Protostar displays a strange geometry
Using observations of molecules in the protostar L1527 taken by the ALMA observatory in northern Chile, a group of researchers have uncovered new clues to understanding how dust in a collapsing molecular cloud can shed angular momentum and penetrate beyond an area known as the 'centrifugal barrier' to find its way to the surface of the forming star.
|Artist's impression of L1527 [Credit: RIKEN]|
Now, using measurements taken by radio antennas, a group led by Nami Sakai of the RIKEN Star and Planet Formation Laboratory has found clues as to how the gas in the cloud can find its way to the surface of the forming star. To gain a better understanding of the process, Sakai and her group turned to the ALMA observatory, a network of 66 radio dishes located high in the Atacama Desert of northern Chile. The dishes are connected together in a carefully choreographed configuration so that they can provide images on radio emissions from protostellar regions around the sky.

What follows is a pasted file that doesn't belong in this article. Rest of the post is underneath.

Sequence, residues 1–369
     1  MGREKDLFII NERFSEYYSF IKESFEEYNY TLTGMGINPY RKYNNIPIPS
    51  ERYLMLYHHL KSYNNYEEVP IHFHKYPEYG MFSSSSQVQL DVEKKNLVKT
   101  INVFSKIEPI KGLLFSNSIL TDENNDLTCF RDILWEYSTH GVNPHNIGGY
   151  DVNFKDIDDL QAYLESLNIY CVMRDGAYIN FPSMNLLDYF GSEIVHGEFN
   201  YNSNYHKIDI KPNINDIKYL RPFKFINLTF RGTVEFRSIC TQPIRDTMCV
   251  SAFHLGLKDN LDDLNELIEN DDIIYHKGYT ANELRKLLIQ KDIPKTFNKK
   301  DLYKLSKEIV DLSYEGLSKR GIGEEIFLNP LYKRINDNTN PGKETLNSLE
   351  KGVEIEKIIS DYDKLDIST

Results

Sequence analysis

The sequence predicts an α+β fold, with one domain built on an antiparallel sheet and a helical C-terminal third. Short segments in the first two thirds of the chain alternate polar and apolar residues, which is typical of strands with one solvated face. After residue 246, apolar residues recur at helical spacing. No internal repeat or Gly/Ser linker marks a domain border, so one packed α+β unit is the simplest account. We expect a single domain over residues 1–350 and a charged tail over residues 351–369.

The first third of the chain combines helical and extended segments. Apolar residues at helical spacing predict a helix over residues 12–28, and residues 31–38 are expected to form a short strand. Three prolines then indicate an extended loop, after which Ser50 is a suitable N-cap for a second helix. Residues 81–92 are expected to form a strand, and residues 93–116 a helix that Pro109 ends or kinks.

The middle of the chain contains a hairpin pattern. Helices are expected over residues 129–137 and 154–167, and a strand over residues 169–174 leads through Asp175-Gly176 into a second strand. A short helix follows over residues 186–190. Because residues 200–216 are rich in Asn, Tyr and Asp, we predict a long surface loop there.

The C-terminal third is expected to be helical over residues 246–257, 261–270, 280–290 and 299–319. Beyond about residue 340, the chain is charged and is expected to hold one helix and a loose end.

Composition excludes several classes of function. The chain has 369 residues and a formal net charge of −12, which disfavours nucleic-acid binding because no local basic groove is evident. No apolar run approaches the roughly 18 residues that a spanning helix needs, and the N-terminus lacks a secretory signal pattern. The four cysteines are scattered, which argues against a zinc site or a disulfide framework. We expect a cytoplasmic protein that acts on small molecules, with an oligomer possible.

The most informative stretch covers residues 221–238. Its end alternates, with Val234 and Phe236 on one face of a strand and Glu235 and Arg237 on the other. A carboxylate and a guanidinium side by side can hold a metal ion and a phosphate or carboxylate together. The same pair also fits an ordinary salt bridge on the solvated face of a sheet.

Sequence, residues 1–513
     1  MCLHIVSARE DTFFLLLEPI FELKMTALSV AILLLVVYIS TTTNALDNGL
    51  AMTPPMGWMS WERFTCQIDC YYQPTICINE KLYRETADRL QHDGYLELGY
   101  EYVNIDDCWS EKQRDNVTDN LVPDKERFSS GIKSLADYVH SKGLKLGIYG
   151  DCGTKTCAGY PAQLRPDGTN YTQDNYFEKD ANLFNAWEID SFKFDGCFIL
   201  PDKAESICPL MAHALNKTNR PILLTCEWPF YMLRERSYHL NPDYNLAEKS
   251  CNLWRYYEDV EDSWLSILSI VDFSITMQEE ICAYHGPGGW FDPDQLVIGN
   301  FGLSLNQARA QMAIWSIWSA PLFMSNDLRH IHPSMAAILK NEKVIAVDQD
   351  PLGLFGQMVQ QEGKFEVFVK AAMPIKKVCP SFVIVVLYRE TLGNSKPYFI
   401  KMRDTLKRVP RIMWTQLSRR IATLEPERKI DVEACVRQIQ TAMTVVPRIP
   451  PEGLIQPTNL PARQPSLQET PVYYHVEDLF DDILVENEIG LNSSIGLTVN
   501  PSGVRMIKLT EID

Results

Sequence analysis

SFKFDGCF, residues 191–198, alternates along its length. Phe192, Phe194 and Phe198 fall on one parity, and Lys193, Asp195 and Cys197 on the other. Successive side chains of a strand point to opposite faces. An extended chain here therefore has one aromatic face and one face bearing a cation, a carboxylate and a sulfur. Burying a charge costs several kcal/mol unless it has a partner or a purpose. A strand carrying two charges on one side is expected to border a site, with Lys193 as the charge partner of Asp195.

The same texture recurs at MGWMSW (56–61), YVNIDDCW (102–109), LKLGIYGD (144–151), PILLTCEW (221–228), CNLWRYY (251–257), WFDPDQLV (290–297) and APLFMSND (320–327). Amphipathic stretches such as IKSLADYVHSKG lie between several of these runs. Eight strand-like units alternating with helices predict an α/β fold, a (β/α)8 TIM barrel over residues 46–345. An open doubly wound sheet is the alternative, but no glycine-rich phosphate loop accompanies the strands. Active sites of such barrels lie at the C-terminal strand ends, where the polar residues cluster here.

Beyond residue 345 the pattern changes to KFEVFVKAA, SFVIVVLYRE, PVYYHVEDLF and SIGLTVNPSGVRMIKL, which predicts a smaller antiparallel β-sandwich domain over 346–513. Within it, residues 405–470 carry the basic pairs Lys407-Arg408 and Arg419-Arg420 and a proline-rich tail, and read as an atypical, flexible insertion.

The group chose to observe a protostar designated as L1527, located in a nearby star-forming region known as the Taurus Molecular Cloud. The protostar, located about 450 light years away, has a spinning protoplanetary disk, almost edge-on to our view, embedded in a large envelope of molecules and dust.
|Integrated intensity distribution of CCH, superposed on the 0.8 mm dust continuum map. The infalling |
rotating envelope traced by CCH is broadened inward of the radius of about 150 au
[Credit: Sakai et al. (RIKEN)]
This behavior accorded well with calculations the group had done using a purely ballistic model, where the particles behave like simple projectiles that do not need to be influenced by magnetic or other forces.
According to Sakai, "We plan to continue to use observations from the powerful ALMA array to further refine our understanding of the dynamics of stellar formation and fully explain how matter collapses onto the forming star. This work could also help us to better understand the evolution of our own solar system."
These observation results were published as Sakai et al. "Vertical Structure of the Transition Zone from Infalling Rotating Envelope to Disk in the Class 0 Protostar, IRAS04368+2557" in the Monthly Notices of the Royal Astronomical Society in February 2017.
Source: RIKEN [February 07, 2017]